IOWA CITY– Master Sergeant Gary Boseneiler, Air Force (Ret.) has long been assisting those who serve in our nation’s military. For three years, Boseneiler was on special assignment as an instructor of college ROTC Air Force cadets at the University of Iowa.
He has a new assignment now, helping veterans of all branches of the service as Johnson County’s Director of Veteran Affairs.
The Johnson County Veteran Affairs Commission recommended for the position, and the Johnson County Board of Supervisors officially approved his hiring on Aug. 23. Boseneiler replaces former director Leo Baier, who served Johnson County veterans for 18 years.
Originally from Dixon, Ill., Boseneiler joined the service right out of high school. He met his wife, also a native Iowan and in the Air Force, while in New York. The family came to Iowa when Boseneiler was chosen to teach the ROTC program. After an offer to return to a military assignment in Seattle, Boseneiler and his family, including his two daughters who now attend West High and the University of Northern Iowa, decided Iowa was where they wanted to stay. He retired after 21 years in the military.
Boseneiler has lived in North Liberty for eight years, coaching baseball, volunteering and working in a variety of positions before accepting the job with Johnson County.
“This one was a perfect fit for me,” Boseneiler said, as it combines skills garnered in both his fields of study. Boseneiler has a degree in human services and his MBA, which he finished at Columbia Southern University. His experience as a social worker with a non-profit service agency was one of the things that made him a stand-out candidate to Veteran Affairs commissioner Mike Hensch.
“Gary has worked with people who have gone through difficult times in their lives, so I knew he would be helpful to people in those situations,” said Hensch. “He has a very calm personality, and I know he will look at things analytically and find better processes and better ways to do things.”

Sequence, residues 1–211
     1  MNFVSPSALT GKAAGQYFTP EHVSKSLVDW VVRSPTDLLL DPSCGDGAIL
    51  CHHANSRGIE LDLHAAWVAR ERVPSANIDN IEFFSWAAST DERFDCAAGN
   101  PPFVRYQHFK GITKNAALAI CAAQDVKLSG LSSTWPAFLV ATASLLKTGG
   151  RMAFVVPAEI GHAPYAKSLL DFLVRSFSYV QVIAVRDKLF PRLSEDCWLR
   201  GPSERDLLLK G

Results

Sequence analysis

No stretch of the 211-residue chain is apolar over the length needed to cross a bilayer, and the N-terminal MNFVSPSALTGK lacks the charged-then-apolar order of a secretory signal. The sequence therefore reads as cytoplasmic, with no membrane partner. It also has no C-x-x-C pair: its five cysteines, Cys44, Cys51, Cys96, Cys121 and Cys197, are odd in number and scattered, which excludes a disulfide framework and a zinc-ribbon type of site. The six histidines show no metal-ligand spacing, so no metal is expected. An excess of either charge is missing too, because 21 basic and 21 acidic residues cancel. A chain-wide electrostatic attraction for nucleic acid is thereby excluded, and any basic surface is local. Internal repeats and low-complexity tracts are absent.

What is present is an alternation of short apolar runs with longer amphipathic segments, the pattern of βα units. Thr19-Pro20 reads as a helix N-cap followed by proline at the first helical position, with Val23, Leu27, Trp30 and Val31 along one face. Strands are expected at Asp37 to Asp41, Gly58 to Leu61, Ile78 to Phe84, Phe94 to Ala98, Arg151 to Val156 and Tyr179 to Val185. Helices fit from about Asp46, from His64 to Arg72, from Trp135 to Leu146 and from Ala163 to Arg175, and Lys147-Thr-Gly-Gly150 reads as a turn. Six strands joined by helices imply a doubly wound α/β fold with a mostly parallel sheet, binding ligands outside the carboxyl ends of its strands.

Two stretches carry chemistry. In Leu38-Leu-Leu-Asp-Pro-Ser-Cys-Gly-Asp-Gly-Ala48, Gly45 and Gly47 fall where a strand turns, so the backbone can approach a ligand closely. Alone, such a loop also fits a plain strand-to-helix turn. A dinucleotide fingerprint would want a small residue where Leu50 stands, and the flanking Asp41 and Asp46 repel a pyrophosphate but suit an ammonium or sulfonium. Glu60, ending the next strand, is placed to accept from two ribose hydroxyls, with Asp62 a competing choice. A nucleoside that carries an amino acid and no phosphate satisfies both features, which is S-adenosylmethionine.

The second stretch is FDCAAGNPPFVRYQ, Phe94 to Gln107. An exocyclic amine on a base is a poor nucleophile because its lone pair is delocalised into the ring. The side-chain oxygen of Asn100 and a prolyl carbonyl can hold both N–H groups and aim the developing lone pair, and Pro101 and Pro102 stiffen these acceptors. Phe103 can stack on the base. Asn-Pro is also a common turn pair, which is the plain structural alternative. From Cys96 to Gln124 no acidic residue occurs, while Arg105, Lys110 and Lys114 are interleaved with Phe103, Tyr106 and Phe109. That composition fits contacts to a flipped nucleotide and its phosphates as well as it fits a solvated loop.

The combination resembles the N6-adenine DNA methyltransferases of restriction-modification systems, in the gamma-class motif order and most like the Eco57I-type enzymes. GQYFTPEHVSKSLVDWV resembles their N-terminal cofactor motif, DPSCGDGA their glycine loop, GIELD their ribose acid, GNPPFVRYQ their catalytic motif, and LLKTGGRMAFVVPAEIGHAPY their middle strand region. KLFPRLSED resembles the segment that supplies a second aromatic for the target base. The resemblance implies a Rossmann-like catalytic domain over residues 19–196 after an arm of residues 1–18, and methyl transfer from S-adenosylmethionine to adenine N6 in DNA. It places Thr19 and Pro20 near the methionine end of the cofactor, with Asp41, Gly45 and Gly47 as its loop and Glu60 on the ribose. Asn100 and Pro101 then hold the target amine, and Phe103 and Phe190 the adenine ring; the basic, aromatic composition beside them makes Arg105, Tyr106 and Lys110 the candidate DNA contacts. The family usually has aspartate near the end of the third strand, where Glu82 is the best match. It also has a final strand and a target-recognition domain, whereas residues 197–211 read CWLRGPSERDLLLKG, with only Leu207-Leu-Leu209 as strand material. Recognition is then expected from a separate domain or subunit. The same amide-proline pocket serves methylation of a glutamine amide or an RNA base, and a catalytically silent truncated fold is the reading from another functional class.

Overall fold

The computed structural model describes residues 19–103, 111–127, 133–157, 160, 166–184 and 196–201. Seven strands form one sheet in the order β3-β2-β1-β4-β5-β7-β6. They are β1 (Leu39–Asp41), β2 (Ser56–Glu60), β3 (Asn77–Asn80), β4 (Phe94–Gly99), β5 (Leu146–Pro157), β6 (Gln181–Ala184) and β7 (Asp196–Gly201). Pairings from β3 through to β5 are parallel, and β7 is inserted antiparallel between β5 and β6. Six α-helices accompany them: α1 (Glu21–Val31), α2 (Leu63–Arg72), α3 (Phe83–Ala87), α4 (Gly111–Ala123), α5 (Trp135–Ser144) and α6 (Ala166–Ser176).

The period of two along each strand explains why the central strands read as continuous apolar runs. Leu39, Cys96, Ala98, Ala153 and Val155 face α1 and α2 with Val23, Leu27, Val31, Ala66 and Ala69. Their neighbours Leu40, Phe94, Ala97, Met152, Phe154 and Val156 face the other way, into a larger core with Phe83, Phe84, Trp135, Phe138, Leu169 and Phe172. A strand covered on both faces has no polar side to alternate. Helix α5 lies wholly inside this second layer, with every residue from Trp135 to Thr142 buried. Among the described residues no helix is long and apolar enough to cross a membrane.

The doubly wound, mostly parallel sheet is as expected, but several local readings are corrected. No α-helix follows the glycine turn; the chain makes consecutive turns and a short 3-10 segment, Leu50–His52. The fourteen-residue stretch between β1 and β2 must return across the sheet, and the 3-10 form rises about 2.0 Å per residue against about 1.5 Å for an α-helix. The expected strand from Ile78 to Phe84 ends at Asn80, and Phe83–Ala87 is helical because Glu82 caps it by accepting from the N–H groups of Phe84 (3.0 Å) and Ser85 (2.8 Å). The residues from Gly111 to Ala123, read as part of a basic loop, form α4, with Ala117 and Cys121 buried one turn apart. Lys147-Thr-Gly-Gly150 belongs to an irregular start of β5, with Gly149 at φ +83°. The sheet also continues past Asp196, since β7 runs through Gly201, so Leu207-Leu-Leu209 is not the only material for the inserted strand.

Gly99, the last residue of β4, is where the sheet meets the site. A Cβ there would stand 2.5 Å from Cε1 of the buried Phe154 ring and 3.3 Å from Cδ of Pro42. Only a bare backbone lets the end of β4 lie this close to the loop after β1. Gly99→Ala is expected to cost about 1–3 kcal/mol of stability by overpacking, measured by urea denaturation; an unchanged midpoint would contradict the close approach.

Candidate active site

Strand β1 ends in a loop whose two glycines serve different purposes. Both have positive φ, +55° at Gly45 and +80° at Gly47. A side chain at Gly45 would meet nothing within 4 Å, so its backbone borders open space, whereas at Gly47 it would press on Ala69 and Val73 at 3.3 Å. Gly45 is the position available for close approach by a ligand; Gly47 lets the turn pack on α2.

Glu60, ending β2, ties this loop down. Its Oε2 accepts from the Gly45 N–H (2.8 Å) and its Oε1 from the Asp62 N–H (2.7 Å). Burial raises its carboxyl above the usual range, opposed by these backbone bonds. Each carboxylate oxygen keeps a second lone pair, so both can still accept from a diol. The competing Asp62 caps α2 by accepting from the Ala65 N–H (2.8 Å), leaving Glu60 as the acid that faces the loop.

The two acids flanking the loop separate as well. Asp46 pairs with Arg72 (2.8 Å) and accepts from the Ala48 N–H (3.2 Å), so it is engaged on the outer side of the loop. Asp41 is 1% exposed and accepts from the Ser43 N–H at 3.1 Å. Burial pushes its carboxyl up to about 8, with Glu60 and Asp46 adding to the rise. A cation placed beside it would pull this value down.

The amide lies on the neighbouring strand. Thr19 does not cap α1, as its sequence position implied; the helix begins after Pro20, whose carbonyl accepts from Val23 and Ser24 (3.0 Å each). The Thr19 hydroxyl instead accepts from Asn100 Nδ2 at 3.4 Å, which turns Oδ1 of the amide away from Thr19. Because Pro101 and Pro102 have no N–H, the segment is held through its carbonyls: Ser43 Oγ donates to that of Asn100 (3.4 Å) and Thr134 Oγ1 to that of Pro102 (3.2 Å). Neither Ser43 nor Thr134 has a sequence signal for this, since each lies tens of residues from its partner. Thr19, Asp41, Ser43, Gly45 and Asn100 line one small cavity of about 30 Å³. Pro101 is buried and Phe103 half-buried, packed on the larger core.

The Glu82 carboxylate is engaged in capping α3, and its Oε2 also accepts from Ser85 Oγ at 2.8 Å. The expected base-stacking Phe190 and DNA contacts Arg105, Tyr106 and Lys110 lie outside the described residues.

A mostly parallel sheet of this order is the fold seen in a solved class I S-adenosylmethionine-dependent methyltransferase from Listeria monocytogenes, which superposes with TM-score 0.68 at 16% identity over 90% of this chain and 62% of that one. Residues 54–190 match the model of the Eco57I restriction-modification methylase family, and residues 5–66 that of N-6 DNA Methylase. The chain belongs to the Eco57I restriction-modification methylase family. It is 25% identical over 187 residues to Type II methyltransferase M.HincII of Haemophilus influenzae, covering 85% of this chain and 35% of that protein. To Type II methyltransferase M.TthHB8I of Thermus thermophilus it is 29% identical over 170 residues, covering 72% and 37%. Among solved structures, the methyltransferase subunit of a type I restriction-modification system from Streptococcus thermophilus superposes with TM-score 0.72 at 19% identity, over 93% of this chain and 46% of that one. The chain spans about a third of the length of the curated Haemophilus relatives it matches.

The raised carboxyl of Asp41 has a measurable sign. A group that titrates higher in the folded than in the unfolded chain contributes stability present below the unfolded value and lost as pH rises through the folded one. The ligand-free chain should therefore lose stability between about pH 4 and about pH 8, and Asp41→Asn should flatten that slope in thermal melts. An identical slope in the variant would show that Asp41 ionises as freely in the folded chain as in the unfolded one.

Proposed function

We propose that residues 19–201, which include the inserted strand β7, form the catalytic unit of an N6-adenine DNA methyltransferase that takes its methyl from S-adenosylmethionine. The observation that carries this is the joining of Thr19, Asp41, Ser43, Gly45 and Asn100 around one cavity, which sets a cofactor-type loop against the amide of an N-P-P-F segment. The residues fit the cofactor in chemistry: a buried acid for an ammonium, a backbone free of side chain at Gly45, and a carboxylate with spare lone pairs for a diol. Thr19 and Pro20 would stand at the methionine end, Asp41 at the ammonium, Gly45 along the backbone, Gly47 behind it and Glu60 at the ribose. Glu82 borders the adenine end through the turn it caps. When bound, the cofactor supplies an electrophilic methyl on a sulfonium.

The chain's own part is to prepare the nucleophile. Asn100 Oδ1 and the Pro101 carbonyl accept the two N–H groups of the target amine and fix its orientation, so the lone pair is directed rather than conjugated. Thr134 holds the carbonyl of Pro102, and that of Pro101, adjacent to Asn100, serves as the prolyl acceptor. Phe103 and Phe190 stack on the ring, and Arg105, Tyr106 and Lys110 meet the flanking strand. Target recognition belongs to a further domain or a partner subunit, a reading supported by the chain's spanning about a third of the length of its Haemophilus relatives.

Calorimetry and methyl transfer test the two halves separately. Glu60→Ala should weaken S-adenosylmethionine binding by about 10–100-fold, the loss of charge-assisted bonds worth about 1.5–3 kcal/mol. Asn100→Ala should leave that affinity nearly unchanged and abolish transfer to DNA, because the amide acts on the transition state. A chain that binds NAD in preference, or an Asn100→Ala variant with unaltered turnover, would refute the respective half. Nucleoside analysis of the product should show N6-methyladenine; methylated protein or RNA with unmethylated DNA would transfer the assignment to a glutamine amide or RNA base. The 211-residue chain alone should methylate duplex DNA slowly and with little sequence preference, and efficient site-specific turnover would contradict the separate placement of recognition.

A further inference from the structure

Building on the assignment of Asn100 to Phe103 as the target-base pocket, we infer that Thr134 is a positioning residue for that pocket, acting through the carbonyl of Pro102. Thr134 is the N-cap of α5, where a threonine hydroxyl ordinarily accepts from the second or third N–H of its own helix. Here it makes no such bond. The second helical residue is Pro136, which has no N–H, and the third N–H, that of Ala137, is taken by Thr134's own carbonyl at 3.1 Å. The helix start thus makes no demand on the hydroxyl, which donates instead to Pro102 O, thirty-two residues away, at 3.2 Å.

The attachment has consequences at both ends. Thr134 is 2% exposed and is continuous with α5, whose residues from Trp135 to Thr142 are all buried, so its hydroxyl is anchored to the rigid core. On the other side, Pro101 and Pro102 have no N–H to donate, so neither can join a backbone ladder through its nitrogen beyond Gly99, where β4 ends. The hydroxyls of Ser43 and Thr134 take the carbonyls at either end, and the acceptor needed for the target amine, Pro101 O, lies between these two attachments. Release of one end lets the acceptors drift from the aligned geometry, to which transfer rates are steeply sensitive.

Additionally, Hensch said Boseneiler’s teaching experience and his time in the Air Force will also be a strength.
“He has the ability to work with those in active duty, because of his years in the Air Force, and I liked that he worked with ROTC students in Iowa City, because he will be able to relate to younger people as well, like the veterans coming back from Iraq and Afghanistan now,” Hensch said.
The office of the Veteran Affairs Commission provides temporary assistance to honorably discharged veterans, including providing vouchers for food, helping with utility bills and rental assistance, filing pension and medial claims, filing for social security benefits or admission to the Veterans Affairs Health Care System and helping with burial assistance.
Boseneiler said one of his goals as director is to seek ways to follow up with veterans after their initial visits to make sure the assistance needed is, indeed, temporary. In other words. Boseneiler said, he hopes to help connect veterans to Workforce Development, social workers and other agencies that can help them gain the skills necessary to transition back into independence.
“I don’t want this program to be an entitlement program. I want it to truly be what its intent is– to be temporary,” he said. “But that term means different things to different counties.”
Johnson County is more fortunate than many other areas, he believes, because of having a veterans’ medical facility close by.